Citizen confronts council about zoning ordinance
by Jennifer Cohron
Jun 11, 2014 | 2503 views | 0 0 comments | 26 26 recommendations | email to a friend | print
Mayor Drew Gilbert
Mayor Drew Gilbert
CORDOVA — A Cordova citizen opposed to the city’s 2008 zoning ordinance that restricts the placement of mobile homes spoke out again at Tuesday night’s council meeting.

“This is the last time I will ever come down here to an open meeting and discuss this with you. The next time will be in a courtroom,” Martha Stidham said in her opening remarks.

Stidham first confronted Mayor Drew Gilbert and council member Warren Branch about a trailer that was recently moved into District 1.

Gilbert clarified that the homeowner in that case went before the Cordova Planning and Zoning Commission and received a waiver that was later approved by the council.

“Within the law, there is a waiver process. Through the legal process of that ordinance, they did exactly what they needed to do within the bounds of the law, and we granted that waiver,” Gilbert said.

Stidham said the ordinance is preventing her from placing a mobile home on property that she had cleaned so that her daughter would have a place to live. She also paid for a dilapidated mobile home already on the site to be torn down and hauled away.

Stidham has appeared before the Planning Commission without favorable results.

Gilbert questioned whether Stidham requested a waiver or asked for the repeal of the ordinance.

“A case by case request for a waiver is completely different from a request that the law be thrown out, and that has been your tone in the past,” Gilbert said.

Stidham, who previously asked that the council consider amending the ordinance to allow single-wide mobile homes, said she was unwilling to pursue a course of action if she was the only beneficiary.

“A waiver would benefit me. It really would, but it wouldn’t benefit all of these people, voters, who have signed petitions to fight this. They think it’s very unfair. They think it discriminates against the poor, and it does,” Stidham said.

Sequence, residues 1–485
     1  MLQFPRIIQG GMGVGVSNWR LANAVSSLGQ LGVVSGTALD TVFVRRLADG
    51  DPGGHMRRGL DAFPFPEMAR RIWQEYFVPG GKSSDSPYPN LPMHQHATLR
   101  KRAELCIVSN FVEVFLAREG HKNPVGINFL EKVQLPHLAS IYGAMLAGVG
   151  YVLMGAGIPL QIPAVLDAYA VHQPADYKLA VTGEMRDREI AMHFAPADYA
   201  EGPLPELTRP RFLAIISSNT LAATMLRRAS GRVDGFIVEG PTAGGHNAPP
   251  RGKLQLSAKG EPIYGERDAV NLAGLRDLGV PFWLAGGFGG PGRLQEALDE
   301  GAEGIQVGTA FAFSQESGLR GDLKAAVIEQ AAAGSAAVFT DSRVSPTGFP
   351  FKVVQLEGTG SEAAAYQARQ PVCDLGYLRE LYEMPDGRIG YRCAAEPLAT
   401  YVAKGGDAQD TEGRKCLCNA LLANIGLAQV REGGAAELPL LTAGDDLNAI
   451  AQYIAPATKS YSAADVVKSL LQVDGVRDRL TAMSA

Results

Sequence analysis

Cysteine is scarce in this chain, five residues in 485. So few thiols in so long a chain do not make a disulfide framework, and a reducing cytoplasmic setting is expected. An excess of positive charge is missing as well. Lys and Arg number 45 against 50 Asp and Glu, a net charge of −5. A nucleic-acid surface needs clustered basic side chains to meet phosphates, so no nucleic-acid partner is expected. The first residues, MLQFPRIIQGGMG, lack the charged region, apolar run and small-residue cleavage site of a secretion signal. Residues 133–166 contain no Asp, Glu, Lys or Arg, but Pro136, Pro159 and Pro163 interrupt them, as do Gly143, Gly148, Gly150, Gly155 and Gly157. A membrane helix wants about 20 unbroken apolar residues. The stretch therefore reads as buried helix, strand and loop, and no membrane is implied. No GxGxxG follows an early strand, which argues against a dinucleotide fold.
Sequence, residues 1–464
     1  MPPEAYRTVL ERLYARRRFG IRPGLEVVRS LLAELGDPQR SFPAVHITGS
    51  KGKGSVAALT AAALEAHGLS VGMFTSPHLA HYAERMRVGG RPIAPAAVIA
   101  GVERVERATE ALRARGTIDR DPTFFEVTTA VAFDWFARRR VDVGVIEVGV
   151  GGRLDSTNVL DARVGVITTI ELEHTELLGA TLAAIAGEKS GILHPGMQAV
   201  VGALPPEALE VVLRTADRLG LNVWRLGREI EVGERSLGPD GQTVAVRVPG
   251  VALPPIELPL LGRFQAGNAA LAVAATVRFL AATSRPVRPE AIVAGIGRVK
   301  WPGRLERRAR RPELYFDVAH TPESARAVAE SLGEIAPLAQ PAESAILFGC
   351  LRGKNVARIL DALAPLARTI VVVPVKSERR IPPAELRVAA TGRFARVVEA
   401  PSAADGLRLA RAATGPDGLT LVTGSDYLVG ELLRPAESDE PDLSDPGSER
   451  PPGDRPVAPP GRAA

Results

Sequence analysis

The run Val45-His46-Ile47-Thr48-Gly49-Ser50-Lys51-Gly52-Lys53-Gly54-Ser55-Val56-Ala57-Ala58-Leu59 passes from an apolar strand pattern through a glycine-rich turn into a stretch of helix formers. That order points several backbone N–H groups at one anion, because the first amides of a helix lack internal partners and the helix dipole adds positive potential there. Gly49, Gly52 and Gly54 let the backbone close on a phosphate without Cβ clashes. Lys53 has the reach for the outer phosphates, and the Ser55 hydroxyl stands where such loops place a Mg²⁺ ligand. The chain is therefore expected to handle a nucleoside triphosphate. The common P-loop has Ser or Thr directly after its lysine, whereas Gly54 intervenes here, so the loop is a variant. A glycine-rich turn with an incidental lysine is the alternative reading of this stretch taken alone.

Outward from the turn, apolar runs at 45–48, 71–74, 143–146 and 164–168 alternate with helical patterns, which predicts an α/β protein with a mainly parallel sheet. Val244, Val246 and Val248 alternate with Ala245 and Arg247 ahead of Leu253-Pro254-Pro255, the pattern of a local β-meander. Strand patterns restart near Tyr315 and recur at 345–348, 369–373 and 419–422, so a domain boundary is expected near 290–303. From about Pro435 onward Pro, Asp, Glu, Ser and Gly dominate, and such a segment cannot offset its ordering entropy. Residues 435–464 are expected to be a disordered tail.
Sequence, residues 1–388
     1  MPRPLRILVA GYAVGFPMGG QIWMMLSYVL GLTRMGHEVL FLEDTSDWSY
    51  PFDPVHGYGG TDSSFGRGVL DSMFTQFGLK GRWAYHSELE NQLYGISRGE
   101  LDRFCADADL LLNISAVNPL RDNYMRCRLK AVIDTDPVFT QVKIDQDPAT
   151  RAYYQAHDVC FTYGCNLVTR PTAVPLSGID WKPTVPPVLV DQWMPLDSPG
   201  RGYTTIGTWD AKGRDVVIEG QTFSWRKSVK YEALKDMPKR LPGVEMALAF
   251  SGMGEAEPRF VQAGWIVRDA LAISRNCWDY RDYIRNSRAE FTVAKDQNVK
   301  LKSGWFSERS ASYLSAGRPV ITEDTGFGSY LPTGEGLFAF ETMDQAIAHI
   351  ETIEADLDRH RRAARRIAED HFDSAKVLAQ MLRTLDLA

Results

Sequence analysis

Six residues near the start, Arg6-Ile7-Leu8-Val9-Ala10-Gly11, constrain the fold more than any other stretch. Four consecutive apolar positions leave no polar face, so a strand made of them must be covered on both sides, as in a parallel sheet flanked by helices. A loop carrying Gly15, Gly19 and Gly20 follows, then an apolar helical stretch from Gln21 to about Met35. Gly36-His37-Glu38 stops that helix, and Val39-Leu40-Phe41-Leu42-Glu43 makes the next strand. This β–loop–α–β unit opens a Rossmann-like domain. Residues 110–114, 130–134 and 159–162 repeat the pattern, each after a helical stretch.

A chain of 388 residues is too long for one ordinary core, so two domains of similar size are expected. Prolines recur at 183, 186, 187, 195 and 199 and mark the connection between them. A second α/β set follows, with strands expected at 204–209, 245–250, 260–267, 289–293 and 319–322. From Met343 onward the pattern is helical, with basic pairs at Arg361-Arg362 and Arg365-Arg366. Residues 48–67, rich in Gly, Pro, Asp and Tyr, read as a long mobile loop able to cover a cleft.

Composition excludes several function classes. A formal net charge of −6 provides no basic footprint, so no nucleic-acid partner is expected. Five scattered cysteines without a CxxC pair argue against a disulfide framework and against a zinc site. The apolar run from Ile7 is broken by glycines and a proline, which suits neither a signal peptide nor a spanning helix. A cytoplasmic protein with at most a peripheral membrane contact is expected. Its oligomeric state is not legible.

Gilbert disagreed with the conclusion.

“You have just told me that based on census data, the majority of Cordova would be considered poor by poverty standards. The majority of Cordova is obviously living somewhere in Cordova currently, so how are they discriminated against? They have obviously found housing,” he said.

Stidham said some residents have left the city because they could not put a single-wide mobile home on their property.

Stidham added that she agreed with setting standards to prevent blight but also urged the council to consider the needs of constituents.

“I would like for y’all to consider a way of amending this law so that it could be handled in-house without having to go outside this room. There has to be a way that we can come together and do that for the people. If we can’t, they’re going to fight back,” Stidham said.

Several council members countered Stidham’s claims of how many Cordova residents oppose the restrictions on mobile homes.

“The feeling in my district is not that same feeling,” said Lauren Vance, the representative for District 7.

“My district is the same way,” said mayor pro temp Ed Earp.

“Mine too,” Bradley Grace replied.

In other action from the meeting, Gilbert informed the council that construction of the grocery store is proceeding as planned. Also, site prep for the City Hall and police station project should begin in July.

Preliminary design plans are in for the new fire station, which will be housed in a reconverted private residence. City officials are still awaiting word on cost estimates.